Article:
You were saying before that you couldn’t get up and move around. Was it pain that stopped you? Weakness?

More weakness. On a bad day, you could be on the couch and the remote control could be 30 centimetres away and you couldn’t move your hand to reach it. It’s just horrible.

What was that whole period like psychologically, not knowing what was going on?

Looking back it was really really difficult. You’re going from riding every day and you see your mates and you see your family, to being stuck in bed.

The first month people come and visit you and see how you are but after that I guess it just becomes difficult and it’s a bit of a pain for them. So you end up spending a lot of time on your own and it’s really really depressing.

You can’t look after yourself or do anything and then you get back up and get riding and get out with your your mates and it’s really good when you can get back into it.

How did you start using these banned substances?

I went to lots of different doctors and tried to get different opinions for everything and most of them just said ‘We can find anything wrong so we don’t really know what to do’. So they didn’t do anything. And then this one doctor goes ‘Well, I guess we’ll try and treat the symptoms of what’s going on and try and improve you where we can’.

And then I had blood tests probably, when I was sick, almost weekly, just trying to work out what was going on. When you’re lying in bed and depressed all you want to do is just be able to get up and even walk down to get a coffee or something like that. You just want anything that’s going to give you any sort of quality again.

Was it Dr Anish Singh that you saw?

Ah, yes. But with all the things that he’s gone through I just don’t want to make his life any harder when this is my problem.

How did you get involved with Dr Singh? Did someone recommend him to you?

My GP at the time — he was very sick as well. He was helped by this doctor, by Dr Singh. I heard about that and I’ve gone ‘I’m not getting any help elsewhere’ so I thought ‘Well, I’ll try him and see if I get any joy there.’

When did you first see him?

I was getting recurring colds and flus and he’s an immunologist. I went to see him to go ‘Is there any solution to colds and flu?’. Things like that were lasting two, three months.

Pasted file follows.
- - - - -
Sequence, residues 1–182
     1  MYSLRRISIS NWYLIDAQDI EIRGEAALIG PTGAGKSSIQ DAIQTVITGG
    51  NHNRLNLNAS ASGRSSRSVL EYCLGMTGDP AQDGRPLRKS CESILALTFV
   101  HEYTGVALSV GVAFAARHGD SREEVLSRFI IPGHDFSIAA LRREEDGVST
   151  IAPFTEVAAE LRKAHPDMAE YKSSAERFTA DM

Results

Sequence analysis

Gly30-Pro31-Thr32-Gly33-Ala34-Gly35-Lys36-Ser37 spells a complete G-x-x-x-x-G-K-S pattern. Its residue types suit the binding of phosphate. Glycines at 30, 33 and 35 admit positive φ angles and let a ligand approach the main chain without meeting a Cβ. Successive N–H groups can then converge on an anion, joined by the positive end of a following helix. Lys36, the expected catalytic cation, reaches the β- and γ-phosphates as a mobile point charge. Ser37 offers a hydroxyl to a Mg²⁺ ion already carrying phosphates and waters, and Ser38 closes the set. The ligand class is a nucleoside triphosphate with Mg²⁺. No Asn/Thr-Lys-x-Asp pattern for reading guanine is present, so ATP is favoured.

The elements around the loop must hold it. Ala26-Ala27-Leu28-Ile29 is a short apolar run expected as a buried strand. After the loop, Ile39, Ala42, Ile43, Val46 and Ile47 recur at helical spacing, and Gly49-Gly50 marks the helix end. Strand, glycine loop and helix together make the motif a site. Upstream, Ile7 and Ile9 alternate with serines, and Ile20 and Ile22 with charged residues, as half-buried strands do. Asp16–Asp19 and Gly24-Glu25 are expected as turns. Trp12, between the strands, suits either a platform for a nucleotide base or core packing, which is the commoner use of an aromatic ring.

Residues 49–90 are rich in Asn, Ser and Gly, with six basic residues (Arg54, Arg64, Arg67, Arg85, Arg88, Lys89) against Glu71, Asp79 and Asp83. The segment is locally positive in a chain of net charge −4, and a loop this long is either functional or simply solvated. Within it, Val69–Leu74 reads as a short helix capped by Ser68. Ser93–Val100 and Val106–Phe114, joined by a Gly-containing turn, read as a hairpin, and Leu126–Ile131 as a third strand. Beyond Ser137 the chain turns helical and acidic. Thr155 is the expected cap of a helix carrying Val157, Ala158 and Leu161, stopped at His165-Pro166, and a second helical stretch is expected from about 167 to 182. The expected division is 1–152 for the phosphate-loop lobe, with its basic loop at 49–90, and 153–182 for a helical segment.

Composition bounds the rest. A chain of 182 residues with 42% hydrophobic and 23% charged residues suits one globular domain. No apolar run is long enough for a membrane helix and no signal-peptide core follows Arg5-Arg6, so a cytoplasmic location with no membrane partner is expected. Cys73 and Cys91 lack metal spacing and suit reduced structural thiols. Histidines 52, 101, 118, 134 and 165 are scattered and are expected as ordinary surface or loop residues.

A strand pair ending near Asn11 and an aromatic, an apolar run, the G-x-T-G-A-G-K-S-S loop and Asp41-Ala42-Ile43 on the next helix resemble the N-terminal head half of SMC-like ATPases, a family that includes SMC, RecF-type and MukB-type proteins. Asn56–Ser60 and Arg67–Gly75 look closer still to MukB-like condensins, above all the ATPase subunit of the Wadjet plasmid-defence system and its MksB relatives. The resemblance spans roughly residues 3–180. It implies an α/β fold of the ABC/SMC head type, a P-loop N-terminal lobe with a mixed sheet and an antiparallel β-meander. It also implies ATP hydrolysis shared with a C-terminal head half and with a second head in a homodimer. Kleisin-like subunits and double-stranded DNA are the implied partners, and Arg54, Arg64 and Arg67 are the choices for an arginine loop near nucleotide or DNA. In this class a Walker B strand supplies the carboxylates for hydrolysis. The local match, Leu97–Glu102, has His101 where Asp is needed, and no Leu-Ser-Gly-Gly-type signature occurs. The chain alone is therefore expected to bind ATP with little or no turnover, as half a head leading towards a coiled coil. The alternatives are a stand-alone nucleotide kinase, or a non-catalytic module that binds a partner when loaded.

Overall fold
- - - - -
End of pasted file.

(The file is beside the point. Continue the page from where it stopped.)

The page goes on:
Would that have been in 2009?

Yeah, 2009 yeah.

What I’ve been hearing from people is that Dr Singh was a brilliant doctor but at some point something changed and then he got a reputation for giving out stuff that other doctors wouldn’t. After that, a lot of athletes would seek him out …

I guess that’s part of my problem. Not taking away from the fact that what I did was wrong but I guess when someone gets a reputation like that it’s worthwhile investigating from ASADA’s point of view.

And you hadn’t heard anything about him or the questionable things he was doing before you saw him, right?

Yeah. I guess it was more like 2015 when my mum also saw him at the time. She’s got rheumatoid arthritis, another autoimmune disease. Unfortunately it runs in the family. I guess my serious concerns started when we were prescribed the same thing, the same lot of medications and we’re going ‘Ooh, shit this is a bit too much to be a coincidence.’

Soon after that I just stopped seeing him because it was just not worth it.

So how did it work with Dr Singh? You were prescribed these drugs and you tried them over a period of time?

It was different medications … trialling different medications here and there. And then others would be used when I was sick, just to try and, I guess, correct some hormonal issues and things like that. I think in 2011 I lost 10 kilos so it was pretty much ‘How do we stop wasting away?’.